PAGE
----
Of Darkness by Josefine Klougart

Translator: 

The cover to Of Darkness by Josefine KlougartDallas, Texas. Deep Vellum. 2017. 312 pages.

It is difficult to find the right genre to capture Klougart’s sixth publication, Of Darkness (WLT, Jan. 2017, 53–55). Perhaps people have settled on novel, as it arguably offers the biggest flexibility. In truth, however, Klougart transgresses traditional concepts of genres, with poetry frequently seeming more appropriate than prose. One chapter is built of narrative fragments only, sometimes consisting of no more than five words on a page, sometimes of equally many half-sentences arranged in arbitrary outer form. Another is set as a play in eight scenes, capturing a conversation between “the woman” (the narrator) and “the man” (her boyfriend), seemingly taking place at a time earlier in her narrative.

In this enormously private book, Klougart is nothing if not ambitious. Throughout, she resorts freely to the use of different pronouns to speak of the only two people captured in her writing: “I have always been she and you have always been he.” At times, both blend into an abstract we, observing her and him, as if from the outside. Of Darkness is a book about perspectives, a book about seeing the world, zooming in and out of genres as well as people, time, and space. Its consistency is not in plot or causality but in language and theme.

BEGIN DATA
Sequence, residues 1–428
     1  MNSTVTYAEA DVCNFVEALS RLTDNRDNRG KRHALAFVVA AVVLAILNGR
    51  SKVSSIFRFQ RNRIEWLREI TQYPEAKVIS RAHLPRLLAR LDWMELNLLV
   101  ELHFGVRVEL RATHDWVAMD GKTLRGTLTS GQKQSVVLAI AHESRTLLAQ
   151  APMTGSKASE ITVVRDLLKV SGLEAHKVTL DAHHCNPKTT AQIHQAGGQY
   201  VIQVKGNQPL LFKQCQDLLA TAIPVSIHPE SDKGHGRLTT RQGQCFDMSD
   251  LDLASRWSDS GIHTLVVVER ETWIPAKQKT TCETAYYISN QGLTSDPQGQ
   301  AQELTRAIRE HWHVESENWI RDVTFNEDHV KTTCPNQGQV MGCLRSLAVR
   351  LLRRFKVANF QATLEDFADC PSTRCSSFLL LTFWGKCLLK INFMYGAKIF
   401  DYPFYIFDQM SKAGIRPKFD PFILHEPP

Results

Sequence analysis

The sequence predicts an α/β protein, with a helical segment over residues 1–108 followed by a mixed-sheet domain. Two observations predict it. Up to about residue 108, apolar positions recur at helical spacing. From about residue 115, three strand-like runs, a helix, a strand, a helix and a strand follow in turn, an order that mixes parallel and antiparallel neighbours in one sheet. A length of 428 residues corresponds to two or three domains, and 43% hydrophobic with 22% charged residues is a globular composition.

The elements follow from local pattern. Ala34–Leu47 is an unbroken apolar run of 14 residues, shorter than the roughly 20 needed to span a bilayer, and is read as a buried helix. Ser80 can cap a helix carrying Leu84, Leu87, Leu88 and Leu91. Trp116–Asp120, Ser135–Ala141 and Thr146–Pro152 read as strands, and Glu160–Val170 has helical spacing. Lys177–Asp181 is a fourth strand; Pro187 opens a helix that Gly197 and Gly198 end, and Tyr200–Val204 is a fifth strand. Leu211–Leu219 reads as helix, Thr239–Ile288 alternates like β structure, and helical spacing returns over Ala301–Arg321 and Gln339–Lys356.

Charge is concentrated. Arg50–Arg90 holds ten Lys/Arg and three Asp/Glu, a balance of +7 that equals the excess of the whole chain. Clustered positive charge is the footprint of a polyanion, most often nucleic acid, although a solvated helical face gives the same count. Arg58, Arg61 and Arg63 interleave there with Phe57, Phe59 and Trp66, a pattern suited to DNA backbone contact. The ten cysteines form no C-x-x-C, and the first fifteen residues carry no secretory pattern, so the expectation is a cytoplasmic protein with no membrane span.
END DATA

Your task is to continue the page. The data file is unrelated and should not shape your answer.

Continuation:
Despite the beauty we find in the way we are asked to see the world, first and foremost, Of Darkness is a book of loss. The narrator’s mother has cancer, her cousin is drinking himself to death, and her boyfriend is alone, the only one left of his family. But towering above all is the inescapable rupture that lies in the love for her boyfriend, the inescapable loss of their relationship: “we are a form waiting for collapse, . . . we are that collapse already.” In her last pages, Klougart consternates: “Everything we lose remains inside us, while everything we have remains invisible.” And we come to see—her world is the sum of her losses: “Everything is bleeding.”

This linguistic tour de force is alive with words of winter, the sea, and light. All are themes the young Danish author continues to evoke throughout her book in constructing a place of beauty, beyond time, beyond death. “Light has age. . . . We absorb time, become older . . . if we stay in the dark it’s different.” Klougart’s darkness is not only death and loss itself but also their transcendence, a transcendence we find built into her language, her metaphors, her poetry.

Felix Haas
Zurich, Switzerland

 

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